West Virginia South April - May 2019 - Page 33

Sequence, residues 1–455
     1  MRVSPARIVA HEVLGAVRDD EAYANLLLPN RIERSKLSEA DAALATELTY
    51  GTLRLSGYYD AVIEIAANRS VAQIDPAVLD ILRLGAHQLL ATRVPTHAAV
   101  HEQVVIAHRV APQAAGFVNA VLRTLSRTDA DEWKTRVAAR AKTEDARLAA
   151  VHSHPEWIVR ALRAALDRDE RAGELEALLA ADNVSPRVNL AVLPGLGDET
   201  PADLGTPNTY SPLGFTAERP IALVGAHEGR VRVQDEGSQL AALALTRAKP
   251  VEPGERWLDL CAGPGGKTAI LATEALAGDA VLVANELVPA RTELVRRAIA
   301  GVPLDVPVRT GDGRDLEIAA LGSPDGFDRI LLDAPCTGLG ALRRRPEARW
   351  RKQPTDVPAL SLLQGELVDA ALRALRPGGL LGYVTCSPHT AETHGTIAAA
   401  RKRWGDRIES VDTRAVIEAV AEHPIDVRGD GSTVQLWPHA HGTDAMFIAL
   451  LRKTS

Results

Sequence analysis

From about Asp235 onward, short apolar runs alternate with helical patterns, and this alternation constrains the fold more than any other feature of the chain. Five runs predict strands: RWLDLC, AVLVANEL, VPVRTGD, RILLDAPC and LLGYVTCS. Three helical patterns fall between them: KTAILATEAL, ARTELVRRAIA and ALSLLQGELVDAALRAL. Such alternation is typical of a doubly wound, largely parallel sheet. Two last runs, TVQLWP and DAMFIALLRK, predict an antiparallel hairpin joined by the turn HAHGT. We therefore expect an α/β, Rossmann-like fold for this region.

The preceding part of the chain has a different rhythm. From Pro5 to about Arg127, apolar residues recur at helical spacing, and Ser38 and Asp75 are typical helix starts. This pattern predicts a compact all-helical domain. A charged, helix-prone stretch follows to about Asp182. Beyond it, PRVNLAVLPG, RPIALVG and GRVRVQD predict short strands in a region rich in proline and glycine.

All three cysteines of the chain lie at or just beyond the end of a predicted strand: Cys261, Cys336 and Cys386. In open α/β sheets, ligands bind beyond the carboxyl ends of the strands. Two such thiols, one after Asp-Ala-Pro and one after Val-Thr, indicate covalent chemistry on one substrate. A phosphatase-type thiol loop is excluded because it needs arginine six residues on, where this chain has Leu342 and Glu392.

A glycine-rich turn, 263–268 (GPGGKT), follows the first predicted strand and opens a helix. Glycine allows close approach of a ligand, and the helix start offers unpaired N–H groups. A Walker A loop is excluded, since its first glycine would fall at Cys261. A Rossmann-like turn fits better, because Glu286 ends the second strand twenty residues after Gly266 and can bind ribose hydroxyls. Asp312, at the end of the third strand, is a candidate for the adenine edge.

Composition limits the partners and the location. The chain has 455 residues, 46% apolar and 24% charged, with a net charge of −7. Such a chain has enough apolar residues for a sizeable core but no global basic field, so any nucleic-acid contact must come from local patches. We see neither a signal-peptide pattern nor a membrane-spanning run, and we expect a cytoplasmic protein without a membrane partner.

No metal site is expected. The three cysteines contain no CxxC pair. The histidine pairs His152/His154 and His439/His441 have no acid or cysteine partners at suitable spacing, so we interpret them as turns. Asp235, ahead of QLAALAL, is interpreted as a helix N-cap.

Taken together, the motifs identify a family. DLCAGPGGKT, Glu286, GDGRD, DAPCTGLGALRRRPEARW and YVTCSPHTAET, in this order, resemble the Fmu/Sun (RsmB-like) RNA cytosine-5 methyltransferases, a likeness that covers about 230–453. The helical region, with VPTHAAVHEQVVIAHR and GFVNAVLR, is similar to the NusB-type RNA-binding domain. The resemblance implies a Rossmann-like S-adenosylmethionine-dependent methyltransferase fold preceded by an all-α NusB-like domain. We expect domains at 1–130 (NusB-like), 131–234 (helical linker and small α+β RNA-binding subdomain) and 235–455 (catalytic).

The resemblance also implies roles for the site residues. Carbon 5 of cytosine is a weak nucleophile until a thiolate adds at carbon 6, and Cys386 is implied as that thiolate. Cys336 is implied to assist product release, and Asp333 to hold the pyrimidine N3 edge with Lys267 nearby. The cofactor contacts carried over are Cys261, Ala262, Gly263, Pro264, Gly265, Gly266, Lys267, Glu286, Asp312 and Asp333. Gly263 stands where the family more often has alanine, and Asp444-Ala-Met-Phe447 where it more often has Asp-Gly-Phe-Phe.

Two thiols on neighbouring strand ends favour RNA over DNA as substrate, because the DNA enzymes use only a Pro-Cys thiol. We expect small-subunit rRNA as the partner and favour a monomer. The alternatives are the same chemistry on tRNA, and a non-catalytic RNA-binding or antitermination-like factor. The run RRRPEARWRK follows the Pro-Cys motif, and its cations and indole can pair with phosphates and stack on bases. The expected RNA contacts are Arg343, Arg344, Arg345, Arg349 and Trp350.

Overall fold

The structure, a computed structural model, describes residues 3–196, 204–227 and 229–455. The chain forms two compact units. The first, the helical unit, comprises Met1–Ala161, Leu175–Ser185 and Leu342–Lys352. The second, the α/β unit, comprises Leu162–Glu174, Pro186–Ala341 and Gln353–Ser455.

Field Thistle Alfalfa Wildflowers with Friends Wildflowers often have a bee or butterfly decorating their petals. I have heard photographs of such called “Wildflow- ers with Friends.” Insects and wildflowers naturally comple- ment each other so that the whole is often greater than the sum of the parts. The image of the monarch butterfly and field thistle in would not work as well if either the butterfly or wildflower was absent. The same is true for the photo- graph of a butterfly on a tiger lily. Take Wildflower Portraits I am not a portrait photographer. Yet, to take a pleasing Tiger Lily wildflower image, one can borrow from the art of portrait photography. Just as portrait photographers aspire to create images that capture whatever is unique or appealing about their subjects, I undertake the same challenge with wild- flowers—to highlight the best, most interesting, or most unique feature of the blossom. Let’s look at the common field plant, alfalfa. But, by put- ting the blossom in a compositional “sweet spot,” providing a soft background to highlight the flower, and by choosing a bloom with extraordinary pastel colors, I expressed the grace of this fine little flower (and my affection for it) by the way I photographed it. APRIL-MAY '19 ❖ SOUTH ❖ 33